Whitewashing history

Jim Chrisinger: The bottom line from a new law’s whitewash of history appears to be protecting the feelings of white people, particularly white men. -promoted by Laura Belin

Add Iowa to the growing list of GOP-dominated states trying to prevent an honest historical reckoning on race and sex. While attention has focused on race, sex gets equal billing in House File 802, which Governor Kim Reynolds signed into law on June 8.  

A BAN ON “SCAPEGOATING” AND “STEREOTYPING”

Along with definitions, the law adds three new sections to Iowa code: one for state and local governments, one for public universities, and one for school districts.  

Training in state and local governments and school districts cannot teach or advocate “race or sex scapegoating” or “race or sex stereotyping.”  

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Will poll-tested language sway Iowa voters on abortion amendment?

During the closing days of the Iowa legislature’s 2021 session, Republicans accomplished one task that eluded them in 2020: getting a constitutional amendment on abortion halfway toward appearing on a statewide ballot. I expected the House and Senate to approve the measure quickly, emboldened by a larger majority in the lower chamber, where the proposal stalled last year.

Instead, Republicans spent months haggling over how the amendment would be phrased, hoping to make this effort more palatable to Iowans who currently oppose it.

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Governor rushes to ban local, school mask mandates

Governor Kim Reynolds has 30 days to consider any bills sent to her during the final days of a legislative session, but she could hardly wait 30 seconds to sign one of the bills approved hours before the Iowa House and Senate adjourned for the year.

The governor’s office announced at 12:36 am that Reynolds had signed House File 847, an education bill amended on May 19 to prohibit school districts and local governments from following best practices for slowing the spread of COVID-19.

Moments earlier, Iowa House Speaker Pat Grassley had brought the bill to the governor’s desk.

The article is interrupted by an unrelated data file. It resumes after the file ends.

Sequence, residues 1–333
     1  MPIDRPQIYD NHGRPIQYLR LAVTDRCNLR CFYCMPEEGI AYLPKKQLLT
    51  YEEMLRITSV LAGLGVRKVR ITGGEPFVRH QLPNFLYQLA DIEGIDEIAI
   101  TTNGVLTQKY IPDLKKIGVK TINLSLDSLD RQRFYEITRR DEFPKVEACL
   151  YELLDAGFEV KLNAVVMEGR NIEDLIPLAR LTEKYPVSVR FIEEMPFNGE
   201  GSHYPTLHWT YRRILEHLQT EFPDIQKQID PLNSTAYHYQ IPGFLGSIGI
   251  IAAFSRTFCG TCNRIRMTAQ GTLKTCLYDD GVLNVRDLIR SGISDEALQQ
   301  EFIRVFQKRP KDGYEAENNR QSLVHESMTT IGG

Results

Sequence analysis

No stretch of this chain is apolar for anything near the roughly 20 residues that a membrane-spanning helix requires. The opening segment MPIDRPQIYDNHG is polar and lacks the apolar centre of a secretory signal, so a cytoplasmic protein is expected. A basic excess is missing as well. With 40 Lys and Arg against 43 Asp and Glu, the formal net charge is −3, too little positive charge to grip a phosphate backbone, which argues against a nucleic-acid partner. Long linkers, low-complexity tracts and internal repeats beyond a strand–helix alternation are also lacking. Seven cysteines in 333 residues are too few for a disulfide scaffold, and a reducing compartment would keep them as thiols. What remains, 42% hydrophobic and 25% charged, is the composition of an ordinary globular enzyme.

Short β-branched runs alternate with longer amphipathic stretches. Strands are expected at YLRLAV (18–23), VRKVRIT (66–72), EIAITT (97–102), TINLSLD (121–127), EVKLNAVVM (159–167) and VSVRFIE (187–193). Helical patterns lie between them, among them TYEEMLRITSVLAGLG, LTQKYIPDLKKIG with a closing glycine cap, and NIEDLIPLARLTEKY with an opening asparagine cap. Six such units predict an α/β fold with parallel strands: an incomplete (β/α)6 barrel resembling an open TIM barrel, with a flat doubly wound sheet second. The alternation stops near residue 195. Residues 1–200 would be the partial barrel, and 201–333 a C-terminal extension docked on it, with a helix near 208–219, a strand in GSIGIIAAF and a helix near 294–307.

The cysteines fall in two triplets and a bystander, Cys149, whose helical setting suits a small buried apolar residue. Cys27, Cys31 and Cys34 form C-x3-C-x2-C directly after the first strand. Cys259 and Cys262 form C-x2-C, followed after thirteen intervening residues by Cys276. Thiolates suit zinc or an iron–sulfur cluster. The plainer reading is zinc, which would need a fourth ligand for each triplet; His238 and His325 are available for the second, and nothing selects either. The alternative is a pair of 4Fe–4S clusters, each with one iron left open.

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Anti-vaxxers hate Iowa's "vaccine passports" bill

The governor signed this bill on May 20. Original post follows.

“I look forward to signing this important legislation into law!” Governor Kim Reynolds tweeted on May 6, after the Iowa House and Senate approved a bill purportedly banning “vaccine passports.”

House File 889 fits a pattern of Republican bills that are best described as solutions in search of a problem. No state or local government agency intends to issue COVID-19 vaccine passports, nor are Iowa-based businesses rushing to require that customers show proof of coronavirus vaccinations.

A “message” bill can be useful politically, if it pleases a constituency Republicans need in the next election. The odd thing about this last-minute push is that Iowa’s most vocal vaccine skeptics don’t support the bill heading to the governor’s desk. On the contrary, they’re demanding a veto in the name of freedom.

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Why is Iowa (again) struggling with racism?

Athena Gilbraith is a racial justice activist in eastern Iowa. -promoted by Laura Belin

This week Republican legislators on the Iowa House Government Oversight Committee took on school officials in Ames to contest cultural competency. To challenge a celebration of Black America and Black Iowans, these lawmakers chose to center dehumanization.

Representative Bobby Kaufmann described Black History Month teaching materials as “garbage,” while Representative Steven Holt amplified whataboutism, a dog whistle in shepherding white supremacy. (Editor’s note: You can watch the committee hearing here or listen to the audio here.)

Between the extreme new voter suppression law, the bill to codify “qualified immunity” for law enforcement, and limiting diversity training at Iowa universities, the goal appears to be to reproduce racial inequality in our state. 

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Iowa GOP lawmaker seeks review of governor's emergency powers

Republican State Representative Steven Holt plans to review possible changes to the governor’s emergency powers, “including requiring legislative approval for declared emergencies lasting over a certain period of time,” he posted on Facebook November 17. Holt has been a vocal critic of business closures to reduce spread of COVID-19 and is unhappy with several aspects of Governor Kim Reynolds’ latest emergency proclamation.

First elected to the legislature in 2014, Holt has chaired the House Judiciary Committee since 2019. Republican leaders have not yet announced committee assignments for the 2021 session, when their majority will grow to 59-41.

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